Product Differentiation, Monopolistic Competition, and Public Policy
AbstractThis paper generalizes a model of monopolistic competition attributable to Spence (1976). Firms produce symmetrically differentiated products with declining or U-shaped average costs. Free entry drives profits to zero in equilibrium. Spence finds that when firms behave "competitively," in a specific sense, the market equilibrium yields too little product diversity. However, when Spence's "competitive" behavioral assumption is relaxed, we find that the market may produce excessive diversity; this occurs when product differentiation is weak relative to scale economies of production. We also study two second-best regulatory policies and characterize conditions under which they are potentially effective in improving the market outcome.
Download InfoIf you experience problems downloading a file, check if you have the proper application to view it first. In case of further problems read the IDEAS help page. Note that these files are not on the IDEAS site. Please be patient as the files may be large.
Bibliographic InfoArticle provided by The RAND Corporation in its journal Bell Journal of Economics.
Volume (Year): 12 (1981)
Issue (Month): 1 (Spring)
Contact details of provider:
Web page: http://www.rje.org
You can help add them by filling out this form.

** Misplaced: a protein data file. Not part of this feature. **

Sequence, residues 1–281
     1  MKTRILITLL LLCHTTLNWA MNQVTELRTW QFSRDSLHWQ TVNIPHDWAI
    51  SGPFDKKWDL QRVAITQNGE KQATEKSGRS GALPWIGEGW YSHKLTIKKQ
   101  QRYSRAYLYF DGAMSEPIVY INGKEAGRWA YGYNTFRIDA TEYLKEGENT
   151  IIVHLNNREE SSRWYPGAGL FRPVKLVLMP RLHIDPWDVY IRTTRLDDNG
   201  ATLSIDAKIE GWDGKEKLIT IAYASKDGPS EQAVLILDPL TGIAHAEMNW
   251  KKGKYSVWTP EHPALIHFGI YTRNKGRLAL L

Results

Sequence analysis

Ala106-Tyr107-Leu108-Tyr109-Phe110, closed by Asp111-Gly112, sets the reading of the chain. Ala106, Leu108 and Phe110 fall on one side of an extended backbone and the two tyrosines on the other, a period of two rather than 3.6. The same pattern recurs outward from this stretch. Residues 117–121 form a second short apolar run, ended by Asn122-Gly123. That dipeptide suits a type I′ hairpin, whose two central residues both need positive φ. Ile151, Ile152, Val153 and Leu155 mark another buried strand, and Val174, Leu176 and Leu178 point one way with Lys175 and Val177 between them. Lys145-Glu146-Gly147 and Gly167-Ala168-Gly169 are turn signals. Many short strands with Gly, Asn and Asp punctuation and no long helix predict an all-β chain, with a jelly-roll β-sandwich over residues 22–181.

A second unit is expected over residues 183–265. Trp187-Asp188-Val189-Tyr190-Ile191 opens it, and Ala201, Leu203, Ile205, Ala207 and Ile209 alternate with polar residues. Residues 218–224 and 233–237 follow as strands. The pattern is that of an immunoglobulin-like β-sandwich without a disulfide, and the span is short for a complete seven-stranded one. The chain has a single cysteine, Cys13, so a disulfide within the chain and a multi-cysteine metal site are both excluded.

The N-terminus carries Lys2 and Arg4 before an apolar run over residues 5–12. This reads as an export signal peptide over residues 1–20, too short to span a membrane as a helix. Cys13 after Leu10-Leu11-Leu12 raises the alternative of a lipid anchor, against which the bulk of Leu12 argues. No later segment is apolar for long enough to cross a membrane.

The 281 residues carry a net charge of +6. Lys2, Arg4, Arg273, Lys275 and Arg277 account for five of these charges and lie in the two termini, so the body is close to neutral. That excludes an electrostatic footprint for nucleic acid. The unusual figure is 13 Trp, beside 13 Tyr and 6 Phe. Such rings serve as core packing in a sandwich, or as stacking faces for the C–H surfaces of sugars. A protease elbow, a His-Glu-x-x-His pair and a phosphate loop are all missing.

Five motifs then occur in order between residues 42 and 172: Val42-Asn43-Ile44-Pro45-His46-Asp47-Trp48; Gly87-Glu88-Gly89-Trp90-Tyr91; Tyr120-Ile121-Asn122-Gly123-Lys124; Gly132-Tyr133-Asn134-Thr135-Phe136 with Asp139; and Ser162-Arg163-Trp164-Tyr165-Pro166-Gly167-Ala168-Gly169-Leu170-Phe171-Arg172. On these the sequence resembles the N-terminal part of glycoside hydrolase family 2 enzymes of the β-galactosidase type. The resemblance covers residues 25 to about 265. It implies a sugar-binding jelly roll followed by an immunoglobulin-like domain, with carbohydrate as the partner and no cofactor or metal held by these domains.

CitEc Project, subscribe to its RSS feed for this item.
- David M. Cutler & Robert S. Huckman & Jonathan T. Kolstad, 2010.
"Input Constraints and the Efficiency of Entry: Lessons from Cardiac Surgery,"
American Economic Journal: Economic Policy,
American Economic Association, vol. 2(1), pages 51-76, February.
- David M. Cutler & Robert S. Huckman & Jonathan T. Kolstad, 2009. "Input Constraints and the Efficiency of Entry: Lessons from Cardiac Surgery," NBER Working Papers 15214, National Bureau of Economic Research, Inc.
- David M. Cutler & Robert S. Huckman & Jonathan T. Kolstad, 2009. "Input Constraints and the Efficiency of Entry: Lessons from Cardiac Surgery," Harvard Business School Working Papers 10-011, Harvard Business School.
For technical questions regarding this item, or to correct its authors, title, abstract, bibliographic or download information, contact: ().
If references are entirely missing, you can add them using this form.